The CIPD has published its latest evidence review which investigates the key drivers of bullying and incivility and makes key recommendations to help shut down unwelcome behaviour quickly. It’s paramount that line managers and people professionals have the confidence to tackle these workplace issues and provide essential wellbeing support for their staff.
Interpersonal conflict and uncivil behaviour, such as bullying and harassment, are remarkably common in the workplace. Sometimes they lead to legal action (the UK as a whole sees over 100,000 employment tribunals a year), but there is a far wider pool of workers who experience some sort of ‘trouble at work’.
Managers and HR professionals can reduce bullying and workplace incivility by focusing on employees and their working lives in several key ways:
- Be aware of the stressors faced by your staff. Those who are overloaded in their role are likely to experience more negative emotions, and subsequently display aggression and bullying.
- Prioritise designing jobs in ways that ensure staff are clear about which actions to take to fulfil their role, and that the demands of their job are not so great that they cannot meet expectations.
- Ensure staff feel a level of self-management and control over their working life by providing them with autonomy to decide how, when and where they work.
- Think about who in your workplace is reporting unprofessional and abusive behaviour at work. For example, if it is mostly female employees who are raising issues, steps need to be taken to consider if there are inequality issues to address, and what can be done to prevent inappropriate attitudes or poor conduct at work.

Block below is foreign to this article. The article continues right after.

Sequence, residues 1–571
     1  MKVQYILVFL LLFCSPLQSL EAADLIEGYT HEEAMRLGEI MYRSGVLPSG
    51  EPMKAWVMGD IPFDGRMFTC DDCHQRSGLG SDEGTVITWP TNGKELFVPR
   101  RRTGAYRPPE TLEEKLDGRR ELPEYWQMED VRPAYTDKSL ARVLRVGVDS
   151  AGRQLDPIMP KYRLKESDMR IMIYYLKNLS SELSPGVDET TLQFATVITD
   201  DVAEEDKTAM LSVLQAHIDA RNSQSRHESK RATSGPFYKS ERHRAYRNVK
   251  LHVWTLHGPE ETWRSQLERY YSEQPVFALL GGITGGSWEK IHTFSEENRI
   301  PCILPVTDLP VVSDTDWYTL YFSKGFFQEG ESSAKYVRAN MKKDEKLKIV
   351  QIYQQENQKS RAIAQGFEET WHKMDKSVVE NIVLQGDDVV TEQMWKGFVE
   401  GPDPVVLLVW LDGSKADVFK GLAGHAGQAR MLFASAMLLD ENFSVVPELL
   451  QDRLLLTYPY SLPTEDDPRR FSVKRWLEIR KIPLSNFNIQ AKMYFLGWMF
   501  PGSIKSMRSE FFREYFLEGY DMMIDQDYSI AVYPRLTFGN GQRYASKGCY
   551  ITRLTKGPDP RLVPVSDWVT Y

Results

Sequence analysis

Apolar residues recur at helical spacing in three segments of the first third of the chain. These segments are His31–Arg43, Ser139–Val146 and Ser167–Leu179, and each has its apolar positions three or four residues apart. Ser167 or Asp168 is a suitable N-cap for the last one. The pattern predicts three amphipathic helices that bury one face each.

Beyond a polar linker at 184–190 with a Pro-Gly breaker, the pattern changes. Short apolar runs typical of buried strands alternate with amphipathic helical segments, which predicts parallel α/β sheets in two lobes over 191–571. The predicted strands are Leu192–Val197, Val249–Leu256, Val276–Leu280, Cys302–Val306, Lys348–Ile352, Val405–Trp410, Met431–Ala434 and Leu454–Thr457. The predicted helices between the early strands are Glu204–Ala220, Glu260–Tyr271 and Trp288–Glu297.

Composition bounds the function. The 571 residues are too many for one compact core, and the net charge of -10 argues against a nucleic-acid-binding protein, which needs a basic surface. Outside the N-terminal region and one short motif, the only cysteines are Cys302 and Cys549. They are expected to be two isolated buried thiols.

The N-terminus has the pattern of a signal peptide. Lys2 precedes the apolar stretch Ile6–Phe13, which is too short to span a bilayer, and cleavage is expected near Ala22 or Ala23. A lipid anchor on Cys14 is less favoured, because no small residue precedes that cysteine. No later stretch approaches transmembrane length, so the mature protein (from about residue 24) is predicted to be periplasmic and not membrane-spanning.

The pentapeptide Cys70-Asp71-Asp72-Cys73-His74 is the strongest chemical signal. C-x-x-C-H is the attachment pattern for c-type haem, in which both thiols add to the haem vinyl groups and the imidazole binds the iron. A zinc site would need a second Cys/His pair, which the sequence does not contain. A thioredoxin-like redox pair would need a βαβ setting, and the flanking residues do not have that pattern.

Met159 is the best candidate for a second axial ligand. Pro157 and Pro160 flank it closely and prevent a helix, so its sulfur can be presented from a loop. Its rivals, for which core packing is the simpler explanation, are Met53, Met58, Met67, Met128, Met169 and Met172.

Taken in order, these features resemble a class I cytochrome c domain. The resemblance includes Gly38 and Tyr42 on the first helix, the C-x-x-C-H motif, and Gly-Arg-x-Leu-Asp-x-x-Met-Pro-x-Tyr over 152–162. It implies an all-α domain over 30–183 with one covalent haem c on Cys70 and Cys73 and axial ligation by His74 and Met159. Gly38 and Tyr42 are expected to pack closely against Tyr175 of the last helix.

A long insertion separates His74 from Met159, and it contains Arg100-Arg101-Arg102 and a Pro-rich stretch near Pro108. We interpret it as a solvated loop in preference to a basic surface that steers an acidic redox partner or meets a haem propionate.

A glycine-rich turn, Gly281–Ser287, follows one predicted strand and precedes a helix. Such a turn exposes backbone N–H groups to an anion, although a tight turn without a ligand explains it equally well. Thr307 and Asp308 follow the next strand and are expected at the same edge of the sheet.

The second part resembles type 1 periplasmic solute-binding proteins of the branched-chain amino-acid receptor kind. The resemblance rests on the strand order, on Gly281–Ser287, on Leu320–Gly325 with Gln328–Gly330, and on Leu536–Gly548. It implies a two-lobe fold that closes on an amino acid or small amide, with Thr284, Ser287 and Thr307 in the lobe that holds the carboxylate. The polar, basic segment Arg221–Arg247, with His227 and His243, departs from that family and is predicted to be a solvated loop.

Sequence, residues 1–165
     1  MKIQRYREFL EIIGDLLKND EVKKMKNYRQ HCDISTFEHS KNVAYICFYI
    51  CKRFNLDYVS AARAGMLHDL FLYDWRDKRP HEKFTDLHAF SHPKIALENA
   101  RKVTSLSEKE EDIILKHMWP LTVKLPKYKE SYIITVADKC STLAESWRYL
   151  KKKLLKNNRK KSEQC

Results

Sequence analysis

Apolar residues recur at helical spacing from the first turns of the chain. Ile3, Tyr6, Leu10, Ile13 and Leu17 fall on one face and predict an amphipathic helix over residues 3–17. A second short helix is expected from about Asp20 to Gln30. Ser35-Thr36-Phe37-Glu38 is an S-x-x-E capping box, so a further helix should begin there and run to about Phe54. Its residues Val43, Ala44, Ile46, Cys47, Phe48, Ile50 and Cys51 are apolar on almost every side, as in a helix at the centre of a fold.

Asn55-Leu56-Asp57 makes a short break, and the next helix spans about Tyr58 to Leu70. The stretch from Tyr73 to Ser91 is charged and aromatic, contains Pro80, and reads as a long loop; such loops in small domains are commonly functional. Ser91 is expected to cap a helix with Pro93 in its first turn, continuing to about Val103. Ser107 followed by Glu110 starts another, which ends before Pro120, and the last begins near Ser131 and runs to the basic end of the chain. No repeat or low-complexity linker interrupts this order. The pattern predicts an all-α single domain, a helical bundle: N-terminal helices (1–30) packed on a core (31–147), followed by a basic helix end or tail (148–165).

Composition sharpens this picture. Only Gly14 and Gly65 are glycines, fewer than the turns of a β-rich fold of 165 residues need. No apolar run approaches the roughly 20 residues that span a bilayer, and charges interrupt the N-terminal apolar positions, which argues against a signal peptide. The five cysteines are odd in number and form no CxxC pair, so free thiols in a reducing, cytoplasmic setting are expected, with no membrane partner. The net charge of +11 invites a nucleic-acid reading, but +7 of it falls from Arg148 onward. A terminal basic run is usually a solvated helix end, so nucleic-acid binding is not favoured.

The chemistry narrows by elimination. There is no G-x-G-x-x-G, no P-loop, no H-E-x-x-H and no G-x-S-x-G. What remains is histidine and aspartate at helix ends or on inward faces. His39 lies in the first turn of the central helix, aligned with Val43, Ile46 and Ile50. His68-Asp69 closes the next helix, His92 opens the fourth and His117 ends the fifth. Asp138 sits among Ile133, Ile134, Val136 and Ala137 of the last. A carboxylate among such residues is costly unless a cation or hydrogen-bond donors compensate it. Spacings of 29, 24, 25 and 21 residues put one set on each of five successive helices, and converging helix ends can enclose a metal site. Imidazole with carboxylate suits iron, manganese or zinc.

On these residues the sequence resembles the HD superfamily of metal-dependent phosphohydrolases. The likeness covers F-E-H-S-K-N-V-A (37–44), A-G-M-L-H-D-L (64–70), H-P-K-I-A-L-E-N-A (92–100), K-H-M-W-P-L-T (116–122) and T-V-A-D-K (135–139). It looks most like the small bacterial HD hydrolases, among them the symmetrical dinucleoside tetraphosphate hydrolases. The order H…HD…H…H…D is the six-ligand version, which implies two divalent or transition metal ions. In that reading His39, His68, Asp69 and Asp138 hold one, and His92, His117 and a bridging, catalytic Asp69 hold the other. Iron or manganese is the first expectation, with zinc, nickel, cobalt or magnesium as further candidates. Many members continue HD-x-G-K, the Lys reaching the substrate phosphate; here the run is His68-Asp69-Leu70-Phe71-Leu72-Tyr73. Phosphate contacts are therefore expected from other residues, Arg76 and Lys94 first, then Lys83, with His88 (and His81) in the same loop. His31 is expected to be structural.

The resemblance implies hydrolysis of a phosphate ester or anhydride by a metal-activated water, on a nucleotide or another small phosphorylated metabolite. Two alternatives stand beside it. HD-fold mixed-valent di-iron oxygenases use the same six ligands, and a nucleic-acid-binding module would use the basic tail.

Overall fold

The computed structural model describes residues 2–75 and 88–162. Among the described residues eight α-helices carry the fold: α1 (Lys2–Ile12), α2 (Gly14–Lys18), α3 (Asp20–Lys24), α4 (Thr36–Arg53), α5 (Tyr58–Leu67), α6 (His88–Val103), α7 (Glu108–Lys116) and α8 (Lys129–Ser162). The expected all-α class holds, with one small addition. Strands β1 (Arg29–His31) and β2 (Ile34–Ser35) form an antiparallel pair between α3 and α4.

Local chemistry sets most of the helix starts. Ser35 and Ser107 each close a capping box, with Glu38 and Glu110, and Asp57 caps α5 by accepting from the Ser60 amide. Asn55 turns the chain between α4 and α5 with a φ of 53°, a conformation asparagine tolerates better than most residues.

Organisations should not tolerate any form of unfair treatment. Though some of the reasons for this are obvious (legal and reputational risk, work and underperformance), employers also have a duty of care to ensure that employees work in a safe environment, are treated with respect, and enjoy quality of working life.
This provides summary information and comment on the subject areas covered. Where employment tribunal and appellate court cases are reported, the information does not set out all of the facts, the legal arguments presented and the judgments made in every aspect of the case. Employment law is subject to constant change either by statute or by interpretation by the courts. While every care has been taken in compiling this information, we cannot be held responsible for any errors or omissions. Specialist legal advice must be taken on any legal issues that may arise before embarking upon any formal course of action.